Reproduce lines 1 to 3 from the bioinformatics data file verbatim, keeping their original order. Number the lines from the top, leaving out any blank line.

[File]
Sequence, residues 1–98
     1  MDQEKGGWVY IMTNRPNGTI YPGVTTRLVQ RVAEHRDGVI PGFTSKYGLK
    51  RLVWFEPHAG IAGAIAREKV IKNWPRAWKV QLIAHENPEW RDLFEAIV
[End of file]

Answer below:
Sequence, residues 1–98
     1  MDQEKGGWVY IMTNRPNGTI YPGVTTRLVQ RVAEHRDGVI PGFTSKYGLK
    51  RLVWFEPHAG IAGAIAREKV IKNWPRAWKV QLIAHENPEW RDLFEAIV